1. Lay jeans on flat surface
  2. Fold left leg over right
  3. Create a rectangle by folding in the crotch
  4. Fold the bottom towards the waist, leaving roughly an inch of space at the top
  5. Fold halfway in same direction
  6. Repeat step five, so that jeans stand upright

Most of us only wear about 20% of the clothes in our wardrobe, so by donating the other 80%, what you’re left with is only the clothes you absolutely love to wear. Picture: Erinna Giblin

Only hang some items

Don’t hang all your clothes; before reaching for a hanger, ask yourself if the item would be happier hung up rather than folded. Generally, this limits your clothes rail to structured coats, business shirts and silky blouses/dresses.

Moving from left to right, use length, heaviness and colour to divide your clothes. This method will see your heaviest, darkest and longest items found on the far right of your wardrobe.

Vertical storage is the key

Marie warns against piling your possessions, as clothes stacked on top of each other reduces visibility and stops you from being able to see everything you own.

Have everything out on display

Only store out-of-season items away if they are definitely not going to be worn for the next six months. This may include heavy winter coats and scarves in the summer, and light summery dresses in the winter. The rest of your clothing pieces should remain on display year-round for trans-seasonal dressing.

Forget clever storage solutions

Basic drawers or shoeboxes will suffice, as, when you only hold onto items that you need, you find that you don’t need much storage space.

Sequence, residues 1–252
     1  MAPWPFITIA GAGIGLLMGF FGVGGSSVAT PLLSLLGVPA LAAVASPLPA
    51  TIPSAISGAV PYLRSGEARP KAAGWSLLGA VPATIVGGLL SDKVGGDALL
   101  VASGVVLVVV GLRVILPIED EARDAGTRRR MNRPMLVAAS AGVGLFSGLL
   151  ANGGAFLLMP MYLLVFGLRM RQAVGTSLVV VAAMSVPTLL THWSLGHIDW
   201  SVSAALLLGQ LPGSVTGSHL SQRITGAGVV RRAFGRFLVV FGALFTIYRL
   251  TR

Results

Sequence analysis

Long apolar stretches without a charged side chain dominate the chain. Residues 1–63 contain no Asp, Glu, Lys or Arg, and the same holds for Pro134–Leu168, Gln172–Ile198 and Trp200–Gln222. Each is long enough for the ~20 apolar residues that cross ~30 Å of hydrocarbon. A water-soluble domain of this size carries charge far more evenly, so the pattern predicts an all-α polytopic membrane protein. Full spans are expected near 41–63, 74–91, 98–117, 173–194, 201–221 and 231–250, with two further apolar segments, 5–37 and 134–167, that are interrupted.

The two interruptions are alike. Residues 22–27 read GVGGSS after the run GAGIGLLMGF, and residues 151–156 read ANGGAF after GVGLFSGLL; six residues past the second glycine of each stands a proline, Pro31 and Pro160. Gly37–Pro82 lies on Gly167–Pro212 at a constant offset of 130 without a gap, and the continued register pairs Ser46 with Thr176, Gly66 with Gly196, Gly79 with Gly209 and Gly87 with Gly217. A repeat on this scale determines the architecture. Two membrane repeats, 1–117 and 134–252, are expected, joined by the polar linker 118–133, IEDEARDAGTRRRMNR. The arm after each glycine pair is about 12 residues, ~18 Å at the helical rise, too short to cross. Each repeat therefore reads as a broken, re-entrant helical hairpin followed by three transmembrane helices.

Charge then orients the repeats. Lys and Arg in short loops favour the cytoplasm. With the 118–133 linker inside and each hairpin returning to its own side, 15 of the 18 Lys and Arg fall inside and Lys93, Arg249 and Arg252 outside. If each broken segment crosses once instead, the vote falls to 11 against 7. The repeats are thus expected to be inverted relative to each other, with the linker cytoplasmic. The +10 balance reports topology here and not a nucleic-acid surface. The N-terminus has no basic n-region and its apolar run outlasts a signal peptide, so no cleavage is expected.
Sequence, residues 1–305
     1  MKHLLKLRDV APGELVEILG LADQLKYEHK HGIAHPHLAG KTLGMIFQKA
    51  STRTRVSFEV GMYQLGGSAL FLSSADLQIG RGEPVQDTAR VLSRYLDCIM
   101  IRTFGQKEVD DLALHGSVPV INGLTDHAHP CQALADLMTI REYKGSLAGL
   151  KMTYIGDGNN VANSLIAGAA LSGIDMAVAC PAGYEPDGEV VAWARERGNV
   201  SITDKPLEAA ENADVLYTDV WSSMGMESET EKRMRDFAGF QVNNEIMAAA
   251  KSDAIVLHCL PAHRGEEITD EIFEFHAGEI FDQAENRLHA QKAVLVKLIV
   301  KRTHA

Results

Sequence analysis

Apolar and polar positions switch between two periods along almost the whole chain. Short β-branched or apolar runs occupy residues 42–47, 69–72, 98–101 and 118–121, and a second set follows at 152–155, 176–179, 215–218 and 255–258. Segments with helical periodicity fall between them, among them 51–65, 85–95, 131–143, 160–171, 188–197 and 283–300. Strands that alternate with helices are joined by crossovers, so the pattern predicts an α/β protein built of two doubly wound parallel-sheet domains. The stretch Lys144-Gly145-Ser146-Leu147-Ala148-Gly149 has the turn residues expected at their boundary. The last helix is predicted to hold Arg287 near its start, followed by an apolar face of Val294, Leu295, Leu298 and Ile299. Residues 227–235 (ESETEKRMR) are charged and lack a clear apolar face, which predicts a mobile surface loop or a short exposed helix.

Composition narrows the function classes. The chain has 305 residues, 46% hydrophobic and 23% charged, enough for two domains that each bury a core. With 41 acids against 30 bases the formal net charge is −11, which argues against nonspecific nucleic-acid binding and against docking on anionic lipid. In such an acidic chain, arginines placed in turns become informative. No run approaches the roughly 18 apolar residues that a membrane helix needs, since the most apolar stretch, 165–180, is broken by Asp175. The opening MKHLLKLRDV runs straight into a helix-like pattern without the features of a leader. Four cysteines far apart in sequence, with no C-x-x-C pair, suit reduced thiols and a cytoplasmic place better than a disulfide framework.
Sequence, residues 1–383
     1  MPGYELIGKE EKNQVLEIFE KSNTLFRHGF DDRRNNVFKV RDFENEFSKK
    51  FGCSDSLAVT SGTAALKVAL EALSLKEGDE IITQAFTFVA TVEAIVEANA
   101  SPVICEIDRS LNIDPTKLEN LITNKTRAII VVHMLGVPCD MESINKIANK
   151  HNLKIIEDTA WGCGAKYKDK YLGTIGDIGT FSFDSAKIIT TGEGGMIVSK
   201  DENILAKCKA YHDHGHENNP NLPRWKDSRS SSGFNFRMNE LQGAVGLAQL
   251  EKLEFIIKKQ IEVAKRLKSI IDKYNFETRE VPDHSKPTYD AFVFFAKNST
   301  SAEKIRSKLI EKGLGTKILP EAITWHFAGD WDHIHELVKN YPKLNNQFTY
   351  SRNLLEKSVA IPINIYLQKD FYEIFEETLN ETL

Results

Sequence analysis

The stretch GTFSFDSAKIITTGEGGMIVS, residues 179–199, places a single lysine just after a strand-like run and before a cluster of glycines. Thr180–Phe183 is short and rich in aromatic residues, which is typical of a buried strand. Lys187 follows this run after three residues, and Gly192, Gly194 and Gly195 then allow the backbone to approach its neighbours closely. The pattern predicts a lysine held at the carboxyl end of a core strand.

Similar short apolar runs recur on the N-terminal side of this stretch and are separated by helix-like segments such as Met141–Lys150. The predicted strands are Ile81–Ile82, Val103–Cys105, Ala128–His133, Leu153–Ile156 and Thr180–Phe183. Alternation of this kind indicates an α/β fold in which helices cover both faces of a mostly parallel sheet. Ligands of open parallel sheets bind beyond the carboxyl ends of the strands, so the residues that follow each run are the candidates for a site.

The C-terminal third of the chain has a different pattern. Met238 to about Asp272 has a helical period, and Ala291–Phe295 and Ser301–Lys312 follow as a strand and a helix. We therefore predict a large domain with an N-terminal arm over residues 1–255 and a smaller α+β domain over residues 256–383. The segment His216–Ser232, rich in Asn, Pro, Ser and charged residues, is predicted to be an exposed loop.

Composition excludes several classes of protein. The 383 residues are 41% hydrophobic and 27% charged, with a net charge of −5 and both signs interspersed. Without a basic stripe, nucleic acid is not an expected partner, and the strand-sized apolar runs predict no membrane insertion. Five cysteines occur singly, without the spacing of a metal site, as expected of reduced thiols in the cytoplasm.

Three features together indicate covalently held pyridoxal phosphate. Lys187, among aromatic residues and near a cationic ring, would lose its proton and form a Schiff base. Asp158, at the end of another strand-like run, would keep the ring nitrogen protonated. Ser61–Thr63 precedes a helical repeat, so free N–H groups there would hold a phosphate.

More than organisation

There is also a spiritual side to Marie’s process; beyond asking if the item sparks joy, she also recommends considering the item’s feelings. For example, Marie recommends thanking your clothes for their service (i.e. thank your jacket for keeping you warm today), and really look after your clothes so that they will love you back for the appreciation.

When it comes to decluttering, if you are having trouble parting with a piece of clothing because you spent a lot of money on it (yet it’s not quite the right fit), then you can part with the item by thanking it for its service. Even though it was never worn, it taught you not to buy clothes that don’t fit perfectly, therefore, it has still given you a lot of value for your pennies.

There is also a spiritual side to Kondo’s process of decluttering. Picture: Getty

Once you have achieved decluttering utopia, Marie promises that you will never have to declutter again, as you will stick to the practice of choosing wisely and only buying items that truly spark joy. In reference to her clients’ achievements, she summarises:

“Whereas in the past, no matter how many clothes they had, they were never satisfied and always wanted something new to wear. Once they selected and kept only those things that they really loved, they felt they had everything they needed.”

This article was originally published as How to organise your wardrobe the KonMari way by and is written by Chelsea Jarred.